Am I a Failure?


Some days it’s difficult, if not impossible, to muster up the energy and will to be positive. Optimism begins to feel less like a form of hope than a retreat into self-delusion. The spirit is just not with you. Work is a grind instead of a joy. The writing comes slowly, in fits and starts instead of in a natural flow. The ominous shadow of self-doubt begins to creep over even the sunniest corners of your life and career. 

On days like these, days like today, I’m confronted with a question as big and amorphous as it is troubling: Am I a failure? Have I failed? Did I peak professionally long ago, when I was in my twenties or thirties and am now on a steep, seemingly endless and irreversible professional slide? 

Most days that maddening inner voice asking if I’ve failed is either non-existent or so faint that I can easily ignore it but some days it’s nothing short of a scream, a howl of desperation so deafeningly loud that it’s all but impossible to ignore it. And some days it’s so goddamn, unconscionably loud that it angrily demands to be answered in blog form. 

It’s also a question I would not address outside of this website, which I created as a safe haven in a pop culture media realm I increasingly find terrifying and foreign. It’s succeeded on that level almost too well. 

Looks perfectly chipper to me! 

Looks perfectly chipper to me! 

I fear that I am becoming the pop culture media equivalent of a mad scientist who retreats from a hostile and uncomprehending world by retreating further and further into a tiny little universe of his own devising, a world where I have total control and I can pursue my curious passions free from the judgment and feverish competition that characterizes the world outside of my weird little website.

Nathan Rabin’s Happy Place has done well enough financially that, along with the columns I’m writing for Rotten Tomatoes and TCM Backlot, I’m able to support myself and my family as a pop culture writer. 

That’s good because over the past year or so my always wavering appetite for pitching stories has all but disappeared. Part of that is attributable to the Happy Place being a good home for just about any idea I might have. I totally know the guy who runs it, in the sense that he’s me, and that dude is always excited to publish anything and everything by that Nathan Rabin guy, no matter how self-indulgent, typo-riddled or perversely non-commercial. I’ve stopped just short of going to a trophy shop so I can get properly reward myself for being the Nathan Rabin’s Happy Place employee of the month every single one of the last sixteenth months. 

I’m anxious about pitching because, consciously or subconsciously, I see every no and rejection as more conclusive evidence that there is no place for me in the pop culture world outside the website I created and the handful of columns I’ve managed to hold onto, which has shrunk substantially in the past week alone when Rotten Tomatoes decided to retire my Sub Cult column. 

I recently pitched to two outlets I’ve written for in the past and when neither website even responded to me I was a little disappointed but also a little relieved, because the passive rejection of having an email go unanswered is preferable, and less painful, than having your ideas explicitly and forcefully rejected.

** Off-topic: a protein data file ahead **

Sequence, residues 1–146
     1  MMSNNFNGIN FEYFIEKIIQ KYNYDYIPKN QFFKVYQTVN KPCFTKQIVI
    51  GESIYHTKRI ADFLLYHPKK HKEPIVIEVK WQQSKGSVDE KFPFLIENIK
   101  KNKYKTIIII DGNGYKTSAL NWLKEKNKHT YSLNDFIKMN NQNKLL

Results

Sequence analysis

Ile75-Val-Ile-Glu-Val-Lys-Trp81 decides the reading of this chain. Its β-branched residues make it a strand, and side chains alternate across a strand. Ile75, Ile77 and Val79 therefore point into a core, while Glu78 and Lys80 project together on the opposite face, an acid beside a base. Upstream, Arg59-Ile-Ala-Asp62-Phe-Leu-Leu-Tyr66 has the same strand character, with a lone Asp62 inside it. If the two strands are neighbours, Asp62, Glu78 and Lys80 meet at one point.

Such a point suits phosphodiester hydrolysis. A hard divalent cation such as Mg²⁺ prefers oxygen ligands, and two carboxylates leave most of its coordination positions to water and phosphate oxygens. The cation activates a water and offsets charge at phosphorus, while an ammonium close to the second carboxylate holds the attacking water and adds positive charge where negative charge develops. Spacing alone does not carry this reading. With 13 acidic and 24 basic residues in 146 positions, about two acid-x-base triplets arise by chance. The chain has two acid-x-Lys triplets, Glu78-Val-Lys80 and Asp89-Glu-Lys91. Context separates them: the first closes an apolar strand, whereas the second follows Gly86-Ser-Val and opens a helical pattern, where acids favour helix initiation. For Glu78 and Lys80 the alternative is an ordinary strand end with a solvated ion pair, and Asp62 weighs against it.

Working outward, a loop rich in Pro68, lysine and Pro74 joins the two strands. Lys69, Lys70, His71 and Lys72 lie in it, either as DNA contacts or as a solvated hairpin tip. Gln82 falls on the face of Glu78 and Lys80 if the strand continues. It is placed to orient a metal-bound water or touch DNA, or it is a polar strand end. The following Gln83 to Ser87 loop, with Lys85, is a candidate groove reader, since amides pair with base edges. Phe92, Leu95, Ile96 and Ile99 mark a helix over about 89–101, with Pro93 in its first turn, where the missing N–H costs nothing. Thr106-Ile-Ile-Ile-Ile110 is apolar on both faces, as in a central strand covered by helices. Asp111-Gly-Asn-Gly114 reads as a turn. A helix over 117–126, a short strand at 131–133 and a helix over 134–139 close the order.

When I worked at The A.V Club, the idea of being a full-time freelancer was unthinkable to me. I thought, not without cause, that I was way too insecure and anxiety-ridden to make my livelihood dependent on constantly opening up to rejection. I was half-right about that. When I left the world of salaried employment behind, perhaps permanently, after my end at The Dissolve I gravitated to columns because they promised a certain level of stability, security and regular income but in just three years I’ve watched the nine or ten outside columns I lined up post-The Dissolve shrink to only three. Part of that was by design but mostly it was a product of even my most popular, influential and high-profile columns, like My World of Flops, Sub Cult and Pod Canon, getting killed by the websites that originally commissioned them.

I’m mostly satisfied with the career that I’ve carved out for myself. I’m proud of myself for surviving some crushing professional blows, for reinventing myself independently on a DIY basis after my time with Scribner and Abrams Image and The A.V Club and The Dissolve came to an end but on the dark days I can’t help but wonder where and how I went wrong. I couldn’t even make it as a mommy blogger. How sad is that? The world of writing about diaper bags and car seat straps ultimately proved way too competitive and cut-throat for my blood.

I take solace and comfort in knowing that when I bleed all over the page like this, when I bare my soul and my fears and insecurities, at least a few people identify with my struggles and feel a little less alone and defeated in their everyday struggles. Writing can be therapy. It can be a way of sharing your truth with a world that oftentimes doesn’t seem terribly interested in what you have to say after you pass forty.


That, in itself is a victory. Or maybe it’s just sad. I alternate between those extremes based on the kind of day I’m having but being able to write my way out of a deep funk, as I’ve done over the course of this blog post feels awfully empowering and gives me hope that I’ll continue to have the inner resources to deal with a dispiriting outside world full of rejection, both real and theoretical. 

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